Article abstract: One of the first Jewish thinkers to explore deeply the ethical and religious implications of the Holocaust, Rubenstein not only questioned the credibility of claims about God’s presence in history but also addressed overpopulation, modernization, bureaucracy, and the persistent threat of genocide in the modern world.
A 1940 graduate of Townsend Harris High School in New York City, Richard Lowell Rubenstein did not experience the Holocaust firsthand. While Nazi Germany’s “final solution of the Jewish question” destroyed European Jewry, he was a student at Hebrew Union College in Cincinnati, Ohio, where he studied from 1942 to 1945, and then at the University of Cincinnati, where he took his bachelor of arts degree in 1946. Nevertheless, the Holocaust marked Rubenstein’s life profoundly. That disaster was a governing influence on his substantial body of philosophical writings about religion, theology, politics, and ethics.
Raised in an assimilated Jewish home, Rubenstein received strong parental encouragement to develop intellectually—so much so that his avid reading and disinterest in sports led to grammar school teasing that dubbed him “The Professor.” His family, however, was less than enthusiastic about Rubenstein’s eventual decision to become a rabbi, which led to his ordination when he graduated from the Jewish Theological Seminary of America in 1952. For the next four years, Rubenstein served Jewish congregations in Brockton and Natick, Massachusetts, but his academic interests proved stronger than his commitment to these rabbinical positions. Graduate study at Harvard University, where Christian theologian and philosopher Paul Tillich influenced him considerably, led to his master’s degree in theology in 1955 and to his Ph.D. in 1960. Rubenstein served as chaplain to Jewish students at Harvard from 1956 to 1958 and then as director of the B’nai B’rith Hillel Foundation and chaplain to Jewish students at the University of Pittsburgh and Carnegie Mellon University from 1958 to 1970. During these years in Pittsburgh, Pennsylvania, Rubenstein emerged as a Jewish writer whose thought would be even more significant than it was controversial—and Rubenstein’s thought definitely turned out to be controversial.
In 1961 in the Netherlands, Rubenstein planned to begin a research trip to West Germany on Sunday, August 13. That same day, the East Germans created a major Cold War crisis by hastily building a wall between East and West Berlin. Postponing his trip for two days, Rubenstein arrived in Bonn, the West German capital, and accepted an invitation from his hosts, the Bundespressamt (Press and Information Office) of the Federal Republic, to fly to Berlin to see the unfolding crisis. In an atmosphere charged with fear that nuclear war might erupt, Rubenstein took the opportunity to interview Heinrich Grüber, a prominent German Christian leader who had resisted the Nazis under Adolf Hitler, rescued Jews, and suffered imprisonment in a Sachsenhausen concentration camp. Earlier in 1961, Grüber had been the only German to testify for the prosecution at the Jerusalem trial of Adolf Eichmann, a leading Nazi perpetrator of the Holocaust.
With American tanks rumbling through the streets of Dahlem, the West Berlin suburb where Grüber lived, Rubenstein interviewed him in the late afternoon of August 17. When their conversation turned to the Holocaust, this meeting became a turning point in Rubenstein’s personal and intellectual life. Grüber affirmed a biblical faith in the God-who-acts-in-history. More than that, he held that the Jews were God’s chosen people; therefore, he believed, nothing could happen to them apart from God’s will. When Rubenstein asked Grüber whether God had intended for Hitler to destroy the European Jews, Grüber’s response was yes—however difficult it might be to understand the reason, he told Rubenstein, the Holocaust was part of God’s plan.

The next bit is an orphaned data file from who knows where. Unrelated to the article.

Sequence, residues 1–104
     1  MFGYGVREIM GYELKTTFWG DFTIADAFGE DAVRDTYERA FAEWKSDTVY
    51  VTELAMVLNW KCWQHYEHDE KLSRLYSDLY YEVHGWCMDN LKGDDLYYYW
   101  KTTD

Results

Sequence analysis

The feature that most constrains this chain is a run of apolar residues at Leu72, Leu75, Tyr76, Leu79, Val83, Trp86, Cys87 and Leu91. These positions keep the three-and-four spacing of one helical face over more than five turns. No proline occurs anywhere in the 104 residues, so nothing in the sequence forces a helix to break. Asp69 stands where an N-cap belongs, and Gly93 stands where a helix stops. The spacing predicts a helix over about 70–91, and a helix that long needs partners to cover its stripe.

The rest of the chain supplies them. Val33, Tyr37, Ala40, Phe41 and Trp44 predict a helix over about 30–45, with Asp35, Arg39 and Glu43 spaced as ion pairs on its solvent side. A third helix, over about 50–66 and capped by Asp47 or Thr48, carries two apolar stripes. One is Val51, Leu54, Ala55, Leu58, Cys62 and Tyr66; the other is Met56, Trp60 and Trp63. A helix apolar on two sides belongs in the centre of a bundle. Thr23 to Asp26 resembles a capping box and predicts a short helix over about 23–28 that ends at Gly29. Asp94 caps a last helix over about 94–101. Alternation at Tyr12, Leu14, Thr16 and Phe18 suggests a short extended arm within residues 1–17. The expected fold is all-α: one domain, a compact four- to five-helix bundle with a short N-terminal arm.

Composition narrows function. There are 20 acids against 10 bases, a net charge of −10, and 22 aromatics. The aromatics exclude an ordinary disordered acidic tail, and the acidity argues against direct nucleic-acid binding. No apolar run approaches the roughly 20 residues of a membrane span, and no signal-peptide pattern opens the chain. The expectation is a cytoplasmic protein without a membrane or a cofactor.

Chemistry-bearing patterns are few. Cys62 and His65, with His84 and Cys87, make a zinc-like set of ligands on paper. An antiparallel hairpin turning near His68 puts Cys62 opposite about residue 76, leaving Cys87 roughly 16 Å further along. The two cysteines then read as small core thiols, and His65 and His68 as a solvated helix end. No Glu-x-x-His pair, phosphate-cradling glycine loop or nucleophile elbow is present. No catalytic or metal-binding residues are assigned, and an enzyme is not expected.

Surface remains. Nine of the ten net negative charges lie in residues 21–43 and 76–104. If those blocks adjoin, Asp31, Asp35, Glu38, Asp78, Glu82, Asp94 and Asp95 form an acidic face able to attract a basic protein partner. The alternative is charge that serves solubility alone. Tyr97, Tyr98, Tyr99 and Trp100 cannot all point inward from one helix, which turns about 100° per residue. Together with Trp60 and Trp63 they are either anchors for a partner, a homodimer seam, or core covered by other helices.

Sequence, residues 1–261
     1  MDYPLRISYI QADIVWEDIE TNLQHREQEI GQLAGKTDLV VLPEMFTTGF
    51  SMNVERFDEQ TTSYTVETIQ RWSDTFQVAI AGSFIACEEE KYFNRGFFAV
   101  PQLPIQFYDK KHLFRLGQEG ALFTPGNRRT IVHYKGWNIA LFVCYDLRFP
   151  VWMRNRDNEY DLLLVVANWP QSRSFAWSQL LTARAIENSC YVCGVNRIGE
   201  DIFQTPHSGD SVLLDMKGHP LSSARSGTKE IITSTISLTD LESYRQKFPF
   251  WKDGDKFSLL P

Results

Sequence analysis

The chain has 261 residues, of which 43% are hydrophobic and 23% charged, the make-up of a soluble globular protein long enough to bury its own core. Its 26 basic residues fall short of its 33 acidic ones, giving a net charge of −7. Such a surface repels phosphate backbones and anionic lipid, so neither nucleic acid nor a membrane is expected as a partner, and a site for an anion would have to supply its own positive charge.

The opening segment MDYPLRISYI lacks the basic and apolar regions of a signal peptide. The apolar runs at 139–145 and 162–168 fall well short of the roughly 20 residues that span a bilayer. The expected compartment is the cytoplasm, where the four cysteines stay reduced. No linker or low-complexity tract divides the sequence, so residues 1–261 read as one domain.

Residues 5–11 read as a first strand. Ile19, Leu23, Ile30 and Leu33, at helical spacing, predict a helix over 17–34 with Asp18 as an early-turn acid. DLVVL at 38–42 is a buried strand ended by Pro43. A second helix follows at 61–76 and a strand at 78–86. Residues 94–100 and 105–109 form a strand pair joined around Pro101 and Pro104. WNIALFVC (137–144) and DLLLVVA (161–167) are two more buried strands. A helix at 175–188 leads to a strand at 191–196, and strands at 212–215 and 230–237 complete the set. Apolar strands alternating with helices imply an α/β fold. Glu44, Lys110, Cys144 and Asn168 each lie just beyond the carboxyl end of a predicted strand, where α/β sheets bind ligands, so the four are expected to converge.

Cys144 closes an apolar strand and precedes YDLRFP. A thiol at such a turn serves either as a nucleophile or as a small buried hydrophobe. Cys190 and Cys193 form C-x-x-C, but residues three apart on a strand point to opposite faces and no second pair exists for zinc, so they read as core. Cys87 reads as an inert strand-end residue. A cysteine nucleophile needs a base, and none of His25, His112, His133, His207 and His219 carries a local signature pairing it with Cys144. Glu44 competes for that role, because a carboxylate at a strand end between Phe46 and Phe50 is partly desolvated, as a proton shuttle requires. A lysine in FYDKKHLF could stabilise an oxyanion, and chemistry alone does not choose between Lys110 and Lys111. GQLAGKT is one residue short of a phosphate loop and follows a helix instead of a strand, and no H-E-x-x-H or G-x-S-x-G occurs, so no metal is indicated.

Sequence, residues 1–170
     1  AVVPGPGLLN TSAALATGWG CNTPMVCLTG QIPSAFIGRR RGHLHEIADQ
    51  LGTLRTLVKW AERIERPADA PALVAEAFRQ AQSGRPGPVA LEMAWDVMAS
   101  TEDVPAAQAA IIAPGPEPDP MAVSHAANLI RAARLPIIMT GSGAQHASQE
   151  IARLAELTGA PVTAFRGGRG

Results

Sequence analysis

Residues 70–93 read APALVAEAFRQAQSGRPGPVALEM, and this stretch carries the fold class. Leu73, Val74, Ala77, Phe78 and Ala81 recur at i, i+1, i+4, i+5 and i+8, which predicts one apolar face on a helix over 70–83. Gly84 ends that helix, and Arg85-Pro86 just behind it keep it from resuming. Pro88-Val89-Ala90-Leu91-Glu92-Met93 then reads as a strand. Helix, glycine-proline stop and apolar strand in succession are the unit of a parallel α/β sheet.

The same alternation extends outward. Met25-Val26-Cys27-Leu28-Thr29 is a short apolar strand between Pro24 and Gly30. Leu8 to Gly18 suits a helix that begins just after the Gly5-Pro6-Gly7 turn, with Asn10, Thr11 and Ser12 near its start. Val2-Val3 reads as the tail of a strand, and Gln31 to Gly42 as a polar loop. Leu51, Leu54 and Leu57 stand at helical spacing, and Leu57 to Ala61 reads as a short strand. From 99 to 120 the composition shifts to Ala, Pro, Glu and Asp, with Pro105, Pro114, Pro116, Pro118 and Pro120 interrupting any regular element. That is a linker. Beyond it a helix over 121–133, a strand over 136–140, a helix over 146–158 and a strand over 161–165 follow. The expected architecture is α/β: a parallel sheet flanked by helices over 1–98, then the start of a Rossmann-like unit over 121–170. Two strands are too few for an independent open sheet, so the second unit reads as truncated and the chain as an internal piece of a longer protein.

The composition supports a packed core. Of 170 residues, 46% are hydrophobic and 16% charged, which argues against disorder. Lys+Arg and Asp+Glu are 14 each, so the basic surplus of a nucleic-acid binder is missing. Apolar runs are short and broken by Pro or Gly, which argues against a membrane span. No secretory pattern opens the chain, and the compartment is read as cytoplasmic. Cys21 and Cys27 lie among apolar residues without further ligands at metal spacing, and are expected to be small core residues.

Rubenstein was impressed that Grüber took so seriously the belief that God acts in history, a central tenet of Judaism and Christianity. To Grüber, that belief meant specifically that God was ultimately responsible for the Holocaust. Although Grüber’s testimony struck him as abhorrent, Rubenstein appreciated the consistency of Grüber’s theology, and the American Jewish thinker came away convinced that he must persistently confront the issue of God and the Holocaust. The eventual result was Rubenstein’s first and immensely important book, After Auschwitz: Radical Theology and Contemporary Judaism, which appeared in 1966. A second edition of After Auschwitz, so extensively enlarged and revised as to be virtually a new book, was published in 1992 with a different subtitle: History, Theology, and Contemporary Judaism.
After Auschwitz was among the first books to probe systematically the significance of Auschwitz for post-Holocaust religious life. Its second edition advanced its unsettling explorations. Rubenstein’s analysis sparked ongoing debate because it challenged a belief that many people have long held dear. After Auschwitz, Rubenstein contended, belief in a redeeming God—one who is active in history and who will bring a fulfilling end to the upheavals in the human condition—is no longer credible.
In the late 1960’s, the stir caused by After Auschwitz linked Rubenstein to a group of young American Protestant thinkers—Thomas Altizer, William Hamilton, and Paul van Buren among them—who were called “death of God” theologians. The popular media, including Time magazine, picked up the story, and the movement ignited public discussion for some time. Although the spotlight eventually moved on, these...
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